Researchers have synthesized a new form of melanin enriched with selenium. Called selenomelanin, the new biomaterial shows promise as a shield for human tissue against harmful radiation.

Melanin is found in most organisms across the plant and animal kingdoms as well as in bacteria and fungi. Though best known for pigmentation, melanin also provides valuable protection from radiation. Five kinds of melanin have been observed in nature, with pheomelanin (the pigment in red hair) shown to absorb X-rays more efficiently than the more common eumelanin (black and brown pigments in dark hair).

Unwanted exposure to radiation occurs during many common activities, from air travel to X-ray diagnosis and clinical radiation therapy. It’s an even greater consideration in extreme cases such as a nuclear reactor malfunction or human space travel.

Compared to the weight and bulk of traditional radioprotective materials like lead, melanin is lighter and more flexible in how it can be used. Melanin samples are currently in orbit at the International Space Station, being studied for the material’s response to radiation exposure. Recent studies have focused on pheomelanin, which contains sulfur, as the best candidate for that purpose.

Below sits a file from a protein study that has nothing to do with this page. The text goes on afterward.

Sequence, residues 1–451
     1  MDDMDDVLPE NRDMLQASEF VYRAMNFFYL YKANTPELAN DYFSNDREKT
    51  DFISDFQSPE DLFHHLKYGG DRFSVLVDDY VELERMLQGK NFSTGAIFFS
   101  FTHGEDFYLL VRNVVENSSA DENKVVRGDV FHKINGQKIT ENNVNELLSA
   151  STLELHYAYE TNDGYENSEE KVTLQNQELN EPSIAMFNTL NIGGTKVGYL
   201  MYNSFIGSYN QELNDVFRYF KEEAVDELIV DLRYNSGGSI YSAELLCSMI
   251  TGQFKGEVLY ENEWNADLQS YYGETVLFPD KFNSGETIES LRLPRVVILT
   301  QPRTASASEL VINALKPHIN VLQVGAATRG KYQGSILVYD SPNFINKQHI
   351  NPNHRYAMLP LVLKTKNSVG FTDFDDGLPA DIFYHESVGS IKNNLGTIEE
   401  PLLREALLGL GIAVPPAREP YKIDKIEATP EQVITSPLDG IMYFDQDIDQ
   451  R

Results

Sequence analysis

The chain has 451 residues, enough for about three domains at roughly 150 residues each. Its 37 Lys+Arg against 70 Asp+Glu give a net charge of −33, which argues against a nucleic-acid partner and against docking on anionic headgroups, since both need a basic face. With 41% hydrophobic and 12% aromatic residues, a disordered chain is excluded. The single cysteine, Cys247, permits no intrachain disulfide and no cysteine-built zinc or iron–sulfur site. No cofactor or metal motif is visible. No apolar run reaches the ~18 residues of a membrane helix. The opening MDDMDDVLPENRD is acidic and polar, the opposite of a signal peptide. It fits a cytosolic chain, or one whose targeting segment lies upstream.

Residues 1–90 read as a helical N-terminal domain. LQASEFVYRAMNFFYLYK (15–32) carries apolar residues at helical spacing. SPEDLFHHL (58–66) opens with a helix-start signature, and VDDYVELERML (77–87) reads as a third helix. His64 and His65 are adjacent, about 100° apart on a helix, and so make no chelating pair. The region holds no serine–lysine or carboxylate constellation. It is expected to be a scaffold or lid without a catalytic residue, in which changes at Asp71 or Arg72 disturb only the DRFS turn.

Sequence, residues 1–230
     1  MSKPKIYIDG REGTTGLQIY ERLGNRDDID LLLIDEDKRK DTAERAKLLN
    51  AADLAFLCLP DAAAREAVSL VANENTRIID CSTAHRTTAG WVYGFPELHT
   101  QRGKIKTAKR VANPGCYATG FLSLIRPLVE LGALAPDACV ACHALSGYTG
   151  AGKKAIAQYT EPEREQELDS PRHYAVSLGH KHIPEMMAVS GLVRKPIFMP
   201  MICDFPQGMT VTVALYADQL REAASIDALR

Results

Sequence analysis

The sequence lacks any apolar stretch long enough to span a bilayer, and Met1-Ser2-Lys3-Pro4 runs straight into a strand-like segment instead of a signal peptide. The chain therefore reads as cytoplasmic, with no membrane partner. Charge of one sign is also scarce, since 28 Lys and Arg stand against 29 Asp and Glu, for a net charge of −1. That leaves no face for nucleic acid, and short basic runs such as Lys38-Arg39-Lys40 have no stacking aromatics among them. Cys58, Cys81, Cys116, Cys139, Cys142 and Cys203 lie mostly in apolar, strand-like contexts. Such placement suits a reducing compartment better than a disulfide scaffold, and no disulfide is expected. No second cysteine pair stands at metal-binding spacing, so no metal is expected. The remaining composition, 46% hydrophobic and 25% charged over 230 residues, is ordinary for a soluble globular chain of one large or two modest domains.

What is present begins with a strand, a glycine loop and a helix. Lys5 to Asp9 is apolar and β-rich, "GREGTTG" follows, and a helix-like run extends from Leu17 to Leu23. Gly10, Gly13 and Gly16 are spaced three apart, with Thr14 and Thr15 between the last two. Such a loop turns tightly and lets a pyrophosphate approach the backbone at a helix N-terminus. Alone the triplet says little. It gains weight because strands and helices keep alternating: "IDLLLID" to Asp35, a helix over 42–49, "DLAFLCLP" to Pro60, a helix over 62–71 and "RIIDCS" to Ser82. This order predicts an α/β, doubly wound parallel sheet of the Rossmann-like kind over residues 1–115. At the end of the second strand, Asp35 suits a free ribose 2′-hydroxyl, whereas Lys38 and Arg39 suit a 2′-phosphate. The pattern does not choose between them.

A new kind of melanin — enriched with selenium instead of sulfur — was found to provide better protection against X-rays. Selenium is an essential micronutrient that plays an important role in cancer prevention and previous research reports that selenium compounds can protect animals against radiation. These compounds are found in normal human proteins but have not been associated with melanin in nature before.

The research team synthesized the new biomaterial, which they called selenomelanin, and used it to treat living cells. For comparison, they also prepared cells treated with synthetic pheomelanin and eumelanin as well as cells with no protective melanin. After receiving a dose of radiation that would be lethal to a human being, only the cells treated with selenomelanin still exhibited a normal cell cycle. Further testing with bacteria showed that selenomelanin can be biosynthesized, meaning that live cells fed with appropriate nutrients can then produce selenomelanin on their own and retain its radioprotective properties. In fact, although the selenomelanin was synthesized in a lab, the researchers believe it may already be present in nature.

The team envisions that this new biomaterial could be applied to a person’s skin like a melanin-based sunscreen. It could also be used as a protective film to shield materials from radiation while in transit.

For more information, contact Prof. Nath an Gianneschi at This email address is being protected from spambots. You need JavaScript enabled to view it..